available.

     Because the KWIC browsing utilities and aligned corpora are necessary for lexical acquisition,
it is fortuitous that they may also be used for the subsequent process of grammar construction.
This helps to maximize the reuse of resources which have a significant amount of added value.
Nevertheless, the process of grammar extension and refinement resists automation and remains
primarily a task for the human linguistic expert.


6. Source and Target Language Mapping Rules

In KANT, source language sentences are syntactically analyzed and semantically interpreted, and
the resulting interlingua representation is used as an intermediate stage in multi-lingual translation.

   There are two types of source language mapping rules used in KANT: Lexical Mapping rules
and Argument Mapping rules (Mitamura, 1989). Lexical Mapping rules map a word and part of
speech (e.g., “gas”, N) onto a set of domain concepts (e.g., *O-GASOLINE, *O-NATURAL-GAS). In
KANT, lexical mappings are pointers to leaf concept nodes, which are created automatically through
application of rules for each type of word (e.g. Noun, Adj).

   Because the KANT source language syntactic grammar is written in an LFG-style formalism
(Goodman and Nirenburg, 1991), the Parser produces an f-structure representation of the gram-

                                                  12
matical functions in the sentence (e.g., SUBJECT, OBJECT). The Interpreter then maps each
grammatical function onto an appropriate semantic role in the interlingua. Complexity arises when
one type of grammatical function can map onto more than one semantic role, depending on the
type of semantic head and/or the type of role filler. In these cases, the system must use restric-
tive mapping rules which license only those syntactic attachments which correspond to the correct
assignment of semantic role.


6.1.   Methodology: Source Language Mapping Rules

The construction of source language mapping rules require resolution of attachment ambiguities
and role assignment ambiguities. The steps to construct these mapping rules are as follows:


  1. Identify Set of Domain Semantic Roles.

        (a) For each type of syntactic attachment which is associated with semantic role assignment
            (e.g., VP + PP, NP + PP), we build a syntactic pattern and extract all example sentences
            from the corpus which match the pattern.
        (b) The sentences are grouped according to the attached argument; for example, from the
            set of sentences which match VP + PP and NP + PP, we would extract sets of sentences
            which contain each of the prepositions in the domain.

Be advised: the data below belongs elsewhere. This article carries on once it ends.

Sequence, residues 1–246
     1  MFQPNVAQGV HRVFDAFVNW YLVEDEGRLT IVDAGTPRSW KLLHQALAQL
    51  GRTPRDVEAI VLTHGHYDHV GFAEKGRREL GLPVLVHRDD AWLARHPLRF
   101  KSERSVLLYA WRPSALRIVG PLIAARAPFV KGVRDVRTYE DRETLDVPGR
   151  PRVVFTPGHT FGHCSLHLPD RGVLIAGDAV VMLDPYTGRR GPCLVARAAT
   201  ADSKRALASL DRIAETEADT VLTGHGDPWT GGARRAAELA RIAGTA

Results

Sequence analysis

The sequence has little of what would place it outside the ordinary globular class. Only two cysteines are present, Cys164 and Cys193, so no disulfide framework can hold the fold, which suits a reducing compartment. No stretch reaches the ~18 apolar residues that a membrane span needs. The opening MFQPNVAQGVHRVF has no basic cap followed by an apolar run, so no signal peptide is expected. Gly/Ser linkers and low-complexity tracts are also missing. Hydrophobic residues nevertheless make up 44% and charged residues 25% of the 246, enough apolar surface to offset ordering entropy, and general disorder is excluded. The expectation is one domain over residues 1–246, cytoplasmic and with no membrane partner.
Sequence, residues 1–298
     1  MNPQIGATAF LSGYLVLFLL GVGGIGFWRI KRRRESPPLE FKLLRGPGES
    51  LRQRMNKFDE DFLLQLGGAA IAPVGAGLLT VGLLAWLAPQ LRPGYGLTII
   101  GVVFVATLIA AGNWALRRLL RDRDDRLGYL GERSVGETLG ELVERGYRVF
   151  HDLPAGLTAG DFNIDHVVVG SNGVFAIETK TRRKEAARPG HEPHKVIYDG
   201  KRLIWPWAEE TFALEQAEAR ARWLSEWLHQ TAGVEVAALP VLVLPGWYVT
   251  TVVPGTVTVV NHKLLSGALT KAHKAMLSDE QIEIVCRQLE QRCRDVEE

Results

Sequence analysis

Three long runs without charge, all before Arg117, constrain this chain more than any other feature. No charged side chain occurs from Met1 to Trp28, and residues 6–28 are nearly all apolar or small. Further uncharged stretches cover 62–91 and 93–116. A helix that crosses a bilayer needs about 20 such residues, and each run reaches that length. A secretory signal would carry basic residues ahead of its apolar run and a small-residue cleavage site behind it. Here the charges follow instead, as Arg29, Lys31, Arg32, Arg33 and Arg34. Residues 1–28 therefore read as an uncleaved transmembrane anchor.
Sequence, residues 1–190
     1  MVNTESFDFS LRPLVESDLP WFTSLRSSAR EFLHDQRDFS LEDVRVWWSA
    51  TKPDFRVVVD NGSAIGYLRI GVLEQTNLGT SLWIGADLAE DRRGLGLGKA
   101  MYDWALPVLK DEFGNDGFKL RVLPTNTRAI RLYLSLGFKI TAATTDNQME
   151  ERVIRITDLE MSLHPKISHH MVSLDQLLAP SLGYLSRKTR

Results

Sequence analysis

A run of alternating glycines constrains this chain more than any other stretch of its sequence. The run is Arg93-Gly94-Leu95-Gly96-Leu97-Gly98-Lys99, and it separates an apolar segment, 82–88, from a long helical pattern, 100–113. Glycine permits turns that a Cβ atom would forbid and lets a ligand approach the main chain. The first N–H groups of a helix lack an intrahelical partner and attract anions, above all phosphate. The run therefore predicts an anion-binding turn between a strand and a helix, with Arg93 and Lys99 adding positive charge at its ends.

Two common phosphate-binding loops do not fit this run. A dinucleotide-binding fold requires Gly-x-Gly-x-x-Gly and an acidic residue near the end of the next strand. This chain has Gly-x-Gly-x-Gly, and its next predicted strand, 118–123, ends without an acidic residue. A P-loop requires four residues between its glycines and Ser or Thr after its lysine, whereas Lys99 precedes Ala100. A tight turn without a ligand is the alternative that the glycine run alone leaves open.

(c) For each possible meaning of the attached argument, a semantic role is created and a
            canonical example is produced:
            LOCATED-BELOW   "Remove the floor plate below the operator."
            GOAL-BELOW      "Place a suitable container below the oil pan."
            LESS-THAN-BELOW "50 RPM below the maximum speed"
            Although the preparation of the data can be handled automatically, this last step is
            presently accomplished by human analysis of the data.

  2. Identify Potentially Ambiguous Role Assignments.

        (a) First, we list all semantic roles with their structural patterns:
            PATH-ABOUT           "about NP" "Wrap the wire about the spindle."
            REFERENT             "about NP" "instructions about this procedure"
            VICINITY-OF          "about NP" "about 5 mm"

            LOCATED-ABOVE "above NP" "above the operator station"
            MORE-THAN     "above NP" "above 100 degrees centigrade"
        (b) Then we notice where the same structural pattern is associated with different semantic
            roles (as in the cases shown above). These patterns will introduce syntactic ambigu-
            ity into the system unless their attachment is semantically restricted. These patterns
            and sentences which match them are automatically extracted produced as data for the
            Semantic Role Analyzer (SRA) tool, which is described in Section 7.

  3. Create Mapping Rules.
       We automatically create all of the potential mapping patterns for each argument/semantic role
       pair:



                                                    13
       SEMANTIC ROLE                         GRAMMATICAL FUNCTION
       -------------                         --------------------
       PATH-ABOUT                            (pp ((root ‘‘about’’)))
       REFERENT                              (pp ((root ‘‘about’’)))
       VICINITY-OF                           (pp ((root ‘‘about’’)))
       AGENT                                 (subject)
       AGENT                                 (pp ((root ‘‘by’’)))
       THEME                                 (object)
       THEME                                 (subject)

  4. Create Mapping Rule Hierarchy
       Since many head-argument mappings contain repetitive patterns which are shared among
       members of a mapping class (for example, a class of verbs which exhibit the same mapping
       behavior), mapping rules are grouped into classes in a hierarchical structure which eliminates
       redundancy and speeds the process of knowledge acquisition (for more details, see (Mitamura,
       1989) or (Mitamura and Nyberg, 1992)). This step requires analysis by the source language
       linguist.



6.2.   Methodology: Target Language Mapping Rules

The target language mapping rules map interlingua structures onto target f-structures. Lexical
mapping rules are created automatically from the source and target bilingual lexicon. Since each